NFL rule tweaks and trends you should know as the 2022 season begins

The NFL has relaxed some rules this offseason after several years of fiddling with the game. We can interpret this in a number of ways, and Competitions Committee Chairman Rich McKay took the most positive view.

“The game,” he said, “is in a really good place.”

There was only one major rule change that only applies to the postseason. Each team is guaranteed possession when a playoff game goes into overtime, in response to the Kansas City Chiefs winning touchdown in the opening overtime drive last season to a 42-36 division round game against the Buffalo Bills to win. Otherwise, the owners opted not to adopt the sorts of weighty rule changes that may be on the horizon in the future, from sky judges to a punt redesign to an alternative to the kickoff. These debates could surface in the years to come.

In the meantime, however, the competition committee has tweaked the interpretation of several rules in a way that will likely impact the 2022 season. Below are five customizations that you may notice.

Unlawful contact cleared

Historically, the illegal contact foul has been one of the NFL’s most reliable tools for ensuring growth in the passing game. Put simply, it prohibits certain touches by defenders with receivers and other pass catchers while the quarterback still has the ball in the pocket.

Even with the addition of a 17th game for all teams, the number of illegal contact flags declined noticeably last season, from an average of 97 per season from 2001-2020 to 36 in 2021. This decline coincided with a 13% drop in touchdowns. combined passes per game as of 2020, and lowest average yards per attempt (7.1) in four seasons.

As a result, the competition committee asked officials to pay more attention to contacts that fall under illegal contact. Penalties skyrocketed in the first week of preseason, with a total of 15 flags for illegal contact in 16 games. But according to further communication from the league office, there were eight in total in Weeks 2 and 3 combined – suggesting there will be a bump in the regular-season flags, rather than a flood as some have feared.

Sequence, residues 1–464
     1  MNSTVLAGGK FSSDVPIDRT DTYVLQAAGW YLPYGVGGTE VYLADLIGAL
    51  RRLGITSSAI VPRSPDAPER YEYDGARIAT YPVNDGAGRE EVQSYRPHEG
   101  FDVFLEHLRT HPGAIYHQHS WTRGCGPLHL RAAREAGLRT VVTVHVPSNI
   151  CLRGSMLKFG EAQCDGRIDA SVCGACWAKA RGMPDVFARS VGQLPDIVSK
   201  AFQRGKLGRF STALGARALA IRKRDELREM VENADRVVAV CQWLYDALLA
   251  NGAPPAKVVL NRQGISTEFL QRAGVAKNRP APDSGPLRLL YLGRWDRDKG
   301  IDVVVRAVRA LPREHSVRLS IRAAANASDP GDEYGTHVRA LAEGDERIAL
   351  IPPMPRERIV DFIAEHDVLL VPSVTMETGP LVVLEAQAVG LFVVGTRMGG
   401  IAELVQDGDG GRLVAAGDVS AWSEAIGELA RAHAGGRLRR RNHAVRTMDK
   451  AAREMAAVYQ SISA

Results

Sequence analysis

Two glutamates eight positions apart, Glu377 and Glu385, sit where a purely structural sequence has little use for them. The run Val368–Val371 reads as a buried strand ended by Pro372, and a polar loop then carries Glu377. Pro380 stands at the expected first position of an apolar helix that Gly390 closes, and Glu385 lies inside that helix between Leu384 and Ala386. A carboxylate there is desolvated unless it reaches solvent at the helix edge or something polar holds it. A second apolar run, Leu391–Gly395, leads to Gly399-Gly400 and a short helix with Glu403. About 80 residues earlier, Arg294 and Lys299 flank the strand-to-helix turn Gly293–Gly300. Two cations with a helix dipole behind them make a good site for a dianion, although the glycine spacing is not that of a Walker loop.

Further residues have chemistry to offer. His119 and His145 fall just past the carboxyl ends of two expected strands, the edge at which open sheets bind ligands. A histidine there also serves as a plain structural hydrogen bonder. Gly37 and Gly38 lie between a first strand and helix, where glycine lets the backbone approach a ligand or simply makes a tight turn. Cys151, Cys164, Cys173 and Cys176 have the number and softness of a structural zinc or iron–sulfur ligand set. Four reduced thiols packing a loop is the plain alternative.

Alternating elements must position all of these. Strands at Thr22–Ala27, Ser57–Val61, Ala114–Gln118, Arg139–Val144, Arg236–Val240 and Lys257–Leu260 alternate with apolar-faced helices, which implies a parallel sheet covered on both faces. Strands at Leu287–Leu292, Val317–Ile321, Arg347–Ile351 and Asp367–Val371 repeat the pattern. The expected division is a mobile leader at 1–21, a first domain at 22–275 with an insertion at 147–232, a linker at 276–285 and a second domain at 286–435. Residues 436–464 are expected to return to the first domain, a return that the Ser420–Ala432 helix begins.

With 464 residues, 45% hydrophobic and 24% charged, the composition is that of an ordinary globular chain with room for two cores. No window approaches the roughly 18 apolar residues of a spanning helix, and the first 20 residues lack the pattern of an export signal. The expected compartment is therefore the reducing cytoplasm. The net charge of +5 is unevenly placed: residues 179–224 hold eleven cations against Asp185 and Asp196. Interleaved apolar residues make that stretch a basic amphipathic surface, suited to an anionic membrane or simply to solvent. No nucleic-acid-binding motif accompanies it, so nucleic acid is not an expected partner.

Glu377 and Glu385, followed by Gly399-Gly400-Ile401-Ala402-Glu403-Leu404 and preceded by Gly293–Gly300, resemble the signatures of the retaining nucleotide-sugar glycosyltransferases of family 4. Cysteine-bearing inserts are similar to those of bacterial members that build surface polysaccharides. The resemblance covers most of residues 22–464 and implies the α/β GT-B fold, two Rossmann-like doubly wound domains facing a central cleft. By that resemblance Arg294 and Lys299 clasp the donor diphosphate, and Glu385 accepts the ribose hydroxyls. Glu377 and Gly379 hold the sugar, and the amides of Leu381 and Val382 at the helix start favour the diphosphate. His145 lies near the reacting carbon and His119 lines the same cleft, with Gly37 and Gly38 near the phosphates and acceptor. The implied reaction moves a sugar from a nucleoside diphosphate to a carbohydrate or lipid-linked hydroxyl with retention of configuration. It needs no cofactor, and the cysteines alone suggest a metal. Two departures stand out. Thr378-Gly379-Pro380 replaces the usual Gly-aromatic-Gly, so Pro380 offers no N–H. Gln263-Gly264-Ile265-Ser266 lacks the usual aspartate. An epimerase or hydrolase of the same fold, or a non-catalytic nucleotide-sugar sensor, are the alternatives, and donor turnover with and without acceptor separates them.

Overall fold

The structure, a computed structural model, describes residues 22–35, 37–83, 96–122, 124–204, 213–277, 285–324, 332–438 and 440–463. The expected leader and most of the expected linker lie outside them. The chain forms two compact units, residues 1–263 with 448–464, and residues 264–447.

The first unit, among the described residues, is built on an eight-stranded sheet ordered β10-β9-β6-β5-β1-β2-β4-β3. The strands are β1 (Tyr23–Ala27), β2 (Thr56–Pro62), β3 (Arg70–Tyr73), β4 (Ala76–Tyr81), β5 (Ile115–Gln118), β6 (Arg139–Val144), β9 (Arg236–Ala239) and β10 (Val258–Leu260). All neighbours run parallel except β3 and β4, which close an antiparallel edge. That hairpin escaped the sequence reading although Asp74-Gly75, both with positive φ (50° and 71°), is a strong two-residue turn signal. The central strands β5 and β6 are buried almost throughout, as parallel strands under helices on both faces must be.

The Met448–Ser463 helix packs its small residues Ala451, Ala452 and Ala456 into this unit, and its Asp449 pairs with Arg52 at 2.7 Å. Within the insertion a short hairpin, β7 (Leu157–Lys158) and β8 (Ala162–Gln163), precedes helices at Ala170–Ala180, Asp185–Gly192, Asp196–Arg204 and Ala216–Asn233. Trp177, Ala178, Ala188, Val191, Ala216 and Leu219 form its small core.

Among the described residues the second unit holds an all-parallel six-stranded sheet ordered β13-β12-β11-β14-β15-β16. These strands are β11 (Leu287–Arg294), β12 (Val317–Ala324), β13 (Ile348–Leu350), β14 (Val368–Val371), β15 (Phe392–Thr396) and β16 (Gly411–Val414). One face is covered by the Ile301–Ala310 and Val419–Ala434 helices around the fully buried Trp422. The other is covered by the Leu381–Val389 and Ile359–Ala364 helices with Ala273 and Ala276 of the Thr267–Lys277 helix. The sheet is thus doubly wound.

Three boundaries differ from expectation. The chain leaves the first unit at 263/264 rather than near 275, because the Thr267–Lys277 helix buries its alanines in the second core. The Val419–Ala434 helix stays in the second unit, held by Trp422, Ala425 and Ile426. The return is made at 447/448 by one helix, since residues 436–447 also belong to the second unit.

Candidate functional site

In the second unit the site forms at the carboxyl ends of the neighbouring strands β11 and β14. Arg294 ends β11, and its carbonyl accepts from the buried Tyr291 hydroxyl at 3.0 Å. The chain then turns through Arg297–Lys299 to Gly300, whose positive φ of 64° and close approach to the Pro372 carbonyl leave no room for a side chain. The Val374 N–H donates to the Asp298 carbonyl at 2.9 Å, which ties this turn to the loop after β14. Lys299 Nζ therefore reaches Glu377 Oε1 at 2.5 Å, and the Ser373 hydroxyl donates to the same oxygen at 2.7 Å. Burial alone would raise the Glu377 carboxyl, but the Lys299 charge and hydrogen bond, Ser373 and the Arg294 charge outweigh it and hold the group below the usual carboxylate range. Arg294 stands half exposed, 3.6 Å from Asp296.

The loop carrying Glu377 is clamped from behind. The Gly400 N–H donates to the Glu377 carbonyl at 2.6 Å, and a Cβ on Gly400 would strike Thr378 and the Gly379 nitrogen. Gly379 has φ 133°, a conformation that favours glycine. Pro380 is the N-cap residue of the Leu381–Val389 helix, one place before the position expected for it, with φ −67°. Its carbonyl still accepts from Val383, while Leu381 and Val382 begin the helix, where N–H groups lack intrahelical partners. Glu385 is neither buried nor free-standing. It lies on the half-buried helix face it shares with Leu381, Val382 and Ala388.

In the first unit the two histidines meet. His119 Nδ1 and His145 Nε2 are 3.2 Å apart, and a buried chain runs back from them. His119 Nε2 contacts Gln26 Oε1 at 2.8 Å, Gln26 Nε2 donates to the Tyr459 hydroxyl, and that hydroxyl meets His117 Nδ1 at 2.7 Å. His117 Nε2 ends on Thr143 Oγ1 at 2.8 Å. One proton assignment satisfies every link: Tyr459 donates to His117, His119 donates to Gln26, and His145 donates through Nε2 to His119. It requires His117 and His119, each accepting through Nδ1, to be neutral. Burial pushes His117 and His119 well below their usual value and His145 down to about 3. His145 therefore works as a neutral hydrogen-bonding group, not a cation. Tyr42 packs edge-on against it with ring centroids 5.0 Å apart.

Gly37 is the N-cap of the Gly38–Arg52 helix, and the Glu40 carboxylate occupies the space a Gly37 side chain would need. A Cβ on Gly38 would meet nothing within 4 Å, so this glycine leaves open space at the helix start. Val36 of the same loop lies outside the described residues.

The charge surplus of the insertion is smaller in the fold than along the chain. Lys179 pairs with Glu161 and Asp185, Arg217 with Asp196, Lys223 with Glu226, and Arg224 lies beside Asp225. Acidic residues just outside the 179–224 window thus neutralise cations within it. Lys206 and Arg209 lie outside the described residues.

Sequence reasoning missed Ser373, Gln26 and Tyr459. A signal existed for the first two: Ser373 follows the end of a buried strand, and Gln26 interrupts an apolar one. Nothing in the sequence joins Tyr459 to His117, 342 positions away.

Roughing the passer clarified

The NFL will always value and protect quarterbacks, but the competition committee has taken steps during the offseason that could reduce the number of flags for roughing up the passer.

There were 153 such penalties in 2021, a 12% increase per game over 2020. That increase, by itself, wouldn’t necessarily bother NFL decision-makers because quarterback play is a priority throughout the league. But as anyone who watched last season’s games knows, some of those flags came on the helmet for light and unintentional hits that fell well below the rulebook standard of “forced” contact.

As much as the league wants to protect quarterbacks, it doesn’t want games that turn on 15-yard penalties against players whose fingers may have grazed the passer’s helmet en route to a legal sack. As a result, officers were asked to recalibrate their approach to ensure contact was forced – as best they can in real time – before a flag is thrown. This request could result in pedestrian flags becoming less harsh than in 2021 and a return to historic norms.

Changed overtime – but only in the playoffs